Sunday, 18 September 2011

Obituary Sunday-The Curious Death of Francis William Bradford Swanwick

Perhaps one of the more interesting deaths in my family was that of my great-great-grandfather, Francis William Bradford Swanwick,  an organ and harmonium builder. Below, I've transcribed his obituary, or rather, the report of his inquest:
Dr. Thomas held an inquest, on Monday, at St. Pancras on the body of Francis Swanwick, aged 56, an organ builder, lately residing at 81, Raleigh-road, Hornsey. He was engaged in business at Holloway, and was in the habit of travelling home by the Great Northern Railway, holding a season ticket. On Dec. 20 a postman, named George Walker, while standing on the up platform at Holloway Station, noticed a gentleman, who proved to be the deceased, lying between the platforms and near the metals. Walker got onto the line and heard deceased say 'Pick me up'. Witness was about to do so, but a train approaching he fled. When the train had passed porters lifted Mr. Swanwick on to the platform. It was then found that he was minus an arm and leg, limbs which were left on the metals,-replying to Superintendent R. Parish, of the railway police, the witness said that there was a notice board at the end of the slope of the platform, cautioning passengers against crossing the line to down trains. There was, however, a subway by which passengers might reach the down platform in safety. Mr James Londland, station master at Holloway, said that the passengers, notwithstanding the witness's caution, had persisted in crossing the line. They were trespassers, and liable to a fine of 40s. The deceased was found 11 yards from the up platform. Witness's belief was that the deceased was knocked down by an empty coach train as it rounded the corner-a train which he would not be likely to see until it was upon him. The jump from the platform to the metals was one of 4 feet-Dr. F. Edison, house surgeon at the Royal Free Hospital, said Mr. Swanwick was in a very collapsed condition when received. He had lost his right arm and leg. Death speedily ensued. Before he died he said he did not know how the accident had happened-Mr. Londland said electric lamps shone upon the notice board. The edge of the platform was not whitened. The jury returned a verdict of "Accidental death".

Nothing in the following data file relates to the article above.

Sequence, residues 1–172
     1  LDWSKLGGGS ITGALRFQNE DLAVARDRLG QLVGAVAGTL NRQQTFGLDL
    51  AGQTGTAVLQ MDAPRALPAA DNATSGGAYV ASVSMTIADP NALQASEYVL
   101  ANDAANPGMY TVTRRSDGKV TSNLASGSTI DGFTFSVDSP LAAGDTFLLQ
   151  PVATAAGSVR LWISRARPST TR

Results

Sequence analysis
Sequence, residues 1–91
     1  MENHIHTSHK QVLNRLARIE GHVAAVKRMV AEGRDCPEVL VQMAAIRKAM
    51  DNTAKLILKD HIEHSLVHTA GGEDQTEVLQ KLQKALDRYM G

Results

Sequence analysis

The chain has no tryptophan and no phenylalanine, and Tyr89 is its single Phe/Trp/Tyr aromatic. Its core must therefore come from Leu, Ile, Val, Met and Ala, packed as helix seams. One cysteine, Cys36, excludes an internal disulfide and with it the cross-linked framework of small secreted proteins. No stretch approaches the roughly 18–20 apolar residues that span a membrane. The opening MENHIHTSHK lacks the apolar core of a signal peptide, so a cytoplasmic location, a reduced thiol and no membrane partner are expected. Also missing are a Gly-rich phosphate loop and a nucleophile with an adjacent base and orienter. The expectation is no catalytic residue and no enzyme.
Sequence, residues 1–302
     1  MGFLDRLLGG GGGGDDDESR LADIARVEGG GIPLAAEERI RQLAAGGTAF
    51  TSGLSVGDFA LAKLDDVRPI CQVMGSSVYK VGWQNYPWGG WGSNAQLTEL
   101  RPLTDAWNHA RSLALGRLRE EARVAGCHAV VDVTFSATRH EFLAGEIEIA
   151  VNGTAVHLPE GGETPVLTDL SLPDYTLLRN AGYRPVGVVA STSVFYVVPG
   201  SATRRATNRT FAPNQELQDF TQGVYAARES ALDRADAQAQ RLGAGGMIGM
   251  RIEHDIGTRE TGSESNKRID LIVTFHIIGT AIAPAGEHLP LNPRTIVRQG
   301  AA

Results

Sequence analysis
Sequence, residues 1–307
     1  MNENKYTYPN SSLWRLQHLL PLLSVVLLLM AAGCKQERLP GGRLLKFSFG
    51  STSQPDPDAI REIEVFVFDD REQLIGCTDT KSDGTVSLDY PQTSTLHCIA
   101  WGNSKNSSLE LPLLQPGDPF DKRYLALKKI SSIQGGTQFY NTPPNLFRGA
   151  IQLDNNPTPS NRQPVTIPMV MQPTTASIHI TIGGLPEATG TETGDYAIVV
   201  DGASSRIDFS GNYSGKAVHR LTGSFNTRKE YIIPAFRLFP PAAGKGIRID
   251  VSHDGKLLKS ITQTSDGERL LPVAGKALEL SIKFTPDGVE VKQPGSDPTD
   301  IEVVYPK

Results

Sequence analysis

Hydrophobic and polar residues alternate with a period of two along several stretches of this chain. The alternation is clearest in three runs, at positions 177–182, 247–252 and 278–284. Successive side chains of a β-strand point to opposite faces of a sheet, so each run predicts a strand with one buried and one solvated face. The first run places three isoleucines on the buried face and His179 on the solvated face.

Monday, 18 July 2011

Mystery Monday-The Clare Family

Here I'm going to provide you, my gentle readers, with one of the thorniest problems I've tangled with in my family history-my great-grandfather, John Frederick Clare, and his family.
The problem with Johnny Clare was that he was not a particularly nice man, nor were his family. He married my great-grandmother, Vera Johnson, in 1944, and their first daughter, my grandmother Valerie, was born in 1946. They had another daughter, Rosemary, in 1948, who was always known as Linda. Unfortunately, Linda died in 1949 after choking on a scrap of rubber from a burst balloon and Johnny, who at the time was in debtors prison, refused to come out for the funeral. He then divorced his wife and, in something which surprised even me, remained in the same village in Yorkshire, married, and had another 6 children. He would live until 1991 and would never meet his firstborn again.
So, what's the problem with Johnny's family? Well, Johnny was born on the 27th June 1918, at 111 Station Road, Holbeck, in Derbyshire. His father, Charles, was already fairly elderly at 50 and his wife was younger by around 14 years. Her family, the Ellis family from Leeds, were easy to track. Charles and Sarah had married on the 10th October 1904 and herein lies the first mystery.
Charles and Sarah, to the best of my knowledge, don't appear on the 1911 census. I have scoured it for a mention of them and, unless I am being remarkable stupid, I cannot find them. I have searched and searched and I still can't find them.
The other mystery is Charles himself. I know he died between 1918 and 1924, when Sarah married an alcoholic named John Henry Wyatt who was thoroughly unpleasant and apparently used to beat Johnny...what a lovely family I have on my mother's side. The marriage certificate records him as a railway platelayer, and his father as John Clare, a carpenter. But other than the marriage certificate and his son's birth, I cannot find Charles.
I have been wrestling with this problem for ages and I just thought that those who are talented with mysteries may be able to give a helping hand if you feel generous. If not, well, the mystery's out there now.

Sunday, 3 July 2011

Black Sheep Sunday-Charlie the convict